[5] He points out that the statute authorizes the award of attorney fees only when the answer is controverted, but not, as here, when the legitimacy of the writ is attacked resulting in it being quashed. He asserts that the garnishee's answer was correct and that Doud's affidavit did not controvert it; rather, the writ itself was quashed because the funds sequestered were not subject to garnishment on the basis of the underlying judgment.

*324 RCW 7.33 sets out the procedures to be followed in garnishment proceedings and provides that upon being served with a writ of garnishment the garnishee must answer and disclose what funds, if any, he holds that are due or owing to a defendant. He must serve the answer on a defendant, RCW 7.33.150, who may thereafter controvert it by way of affidavit. RCW 7.33.250. The issue is thus formed and the matter then tried. RCW 7.33.260. At the hearing, a defendant is entitled to interpose all defenses he or she may have to a garnishment, including that the funds held by a garnishee are not subject to garnishment to satisfy the underlying judgment. It is apparent from the wording of RCW 7.33.290 and the overall intent of the garnishment statutes that the reference to controversion of a garnishee's answer includes any defenses a defendant might have to a garnishment and is not limited to a determination of whether the amount of money listed in the answer is the precise amount owed by a garnishee to a defendant.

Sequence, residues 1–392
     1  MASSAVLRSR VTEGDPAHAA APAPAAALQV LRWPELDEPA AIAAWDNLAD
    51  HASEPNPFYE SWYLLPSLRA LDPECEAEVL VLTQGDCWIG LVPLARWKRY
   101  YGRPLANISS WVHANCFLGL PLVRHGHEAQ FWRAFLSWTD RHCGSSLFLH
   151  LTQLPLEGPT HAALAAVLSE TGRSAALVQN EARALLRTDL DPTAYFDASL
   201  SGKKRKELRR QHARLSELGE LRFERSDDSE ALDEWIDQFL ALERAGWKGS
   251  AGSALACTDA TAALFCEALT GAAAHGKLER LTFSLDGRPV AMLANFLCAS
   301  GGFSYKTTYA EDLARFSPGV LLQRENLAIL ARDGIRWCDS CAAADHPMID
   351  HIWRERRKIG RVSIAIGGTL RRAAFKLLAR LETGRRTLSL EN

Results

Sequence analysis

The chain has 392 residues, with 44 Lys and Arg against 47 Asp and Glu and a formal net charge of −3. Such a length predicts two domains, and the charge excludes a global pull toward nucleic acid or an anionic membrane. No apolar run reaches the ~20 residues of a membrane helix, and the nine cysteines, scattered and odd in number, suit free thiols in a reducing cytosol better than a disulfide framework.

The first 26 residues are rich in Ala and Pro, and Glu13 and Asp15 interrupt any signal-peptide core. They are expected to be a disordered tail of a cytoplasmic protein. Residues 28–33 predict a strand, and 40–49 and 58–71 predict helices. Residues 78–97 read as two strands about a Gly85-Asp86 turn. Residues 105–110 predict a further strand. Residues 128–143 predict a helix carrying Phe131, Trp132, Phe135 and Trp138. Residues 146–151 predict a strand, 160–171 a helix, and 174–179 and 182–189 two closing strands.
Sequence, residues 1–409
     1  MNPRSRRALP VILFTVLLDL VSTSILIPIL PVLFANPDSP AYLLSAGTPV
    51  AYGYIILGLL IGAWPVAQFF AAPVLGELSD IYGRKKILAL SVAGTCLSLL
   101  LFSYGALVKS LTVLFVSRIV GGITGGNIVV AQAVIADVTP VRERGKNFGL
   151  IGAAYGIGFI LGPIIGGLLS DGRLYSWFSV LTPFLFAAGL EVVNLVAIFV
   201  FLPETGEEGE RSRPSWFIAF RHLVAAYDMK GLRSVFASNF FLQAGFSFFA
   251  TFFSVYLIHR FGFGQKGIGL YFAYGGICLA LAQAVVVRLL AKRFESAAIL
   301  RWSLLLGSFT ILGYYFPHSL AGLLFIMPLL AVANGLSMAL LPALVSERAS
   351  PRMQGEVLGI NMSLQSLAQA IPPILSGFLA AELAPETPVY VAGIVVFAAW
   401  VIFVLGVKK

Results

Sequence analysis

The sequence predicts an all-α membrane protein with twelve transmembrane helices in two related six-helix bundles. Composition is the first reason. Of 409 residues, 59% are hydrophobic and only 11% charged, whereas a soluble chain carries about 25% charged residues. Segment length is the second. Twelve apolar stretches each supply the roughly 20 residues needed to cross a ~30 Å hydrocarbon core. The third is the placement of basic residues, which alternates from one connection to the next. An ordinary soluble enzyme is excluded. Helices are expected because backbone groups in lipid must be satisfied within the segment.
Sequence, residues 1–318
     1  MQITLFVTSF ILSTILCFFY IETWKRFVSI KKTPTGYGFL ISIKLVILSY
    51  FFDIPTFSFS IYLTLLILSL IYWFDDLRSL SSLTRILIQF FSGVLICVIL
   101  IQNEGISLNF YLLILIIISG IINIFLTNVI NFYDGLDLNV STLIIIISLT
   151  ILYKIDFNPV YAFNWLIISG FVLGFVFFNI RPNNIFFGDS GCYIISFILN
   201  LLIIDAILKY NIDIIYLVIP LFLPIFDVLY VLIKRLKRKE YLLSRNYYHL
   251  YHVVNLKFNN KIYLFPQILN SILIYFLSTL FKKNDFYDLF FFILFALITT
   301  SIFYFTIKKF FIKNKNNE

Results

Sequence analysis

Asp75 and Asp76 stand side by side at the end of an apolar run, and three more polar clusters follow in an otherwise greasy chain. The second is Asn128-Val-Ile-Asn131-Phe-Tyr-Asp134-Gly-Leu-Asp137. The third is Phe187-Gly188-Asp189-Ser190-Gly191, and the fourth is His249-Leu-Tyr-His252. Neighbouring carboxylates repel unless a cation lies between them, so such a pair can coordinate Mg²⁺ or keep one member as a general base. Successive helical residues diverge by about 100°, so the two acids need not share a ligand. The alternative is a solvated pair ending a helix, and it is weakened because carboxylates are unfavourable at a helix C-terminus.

We therefore hold that Doud controverted the answer of the garnishee within the meaning of the statute and having succeeded in the trial on the merits was entitled to attorney fees.

Watters also asks this court to award him attorney fees on appeal on the basis that the promissory note underlying the garnishment provides for attorney fees in the event an action for collection is instituted. Watters was awarded attorney fees in the original action on the note, and it would not be appropriate to award fees for this appeal in view of the fact that he has not prevailed in this court and especially since the proceedings to garnish respondent's wages were instituted by him at a time when he was aware that the funds were not subject to garnishment.

The judgment of the trial court is affirmed in all respects.

UTTER, C.J., and ROSELLINI, STAFFORD, WRIGHT, BRACHTENBACH, HOROWITZ, DOLLIVER, and HICKS, JJ., concur.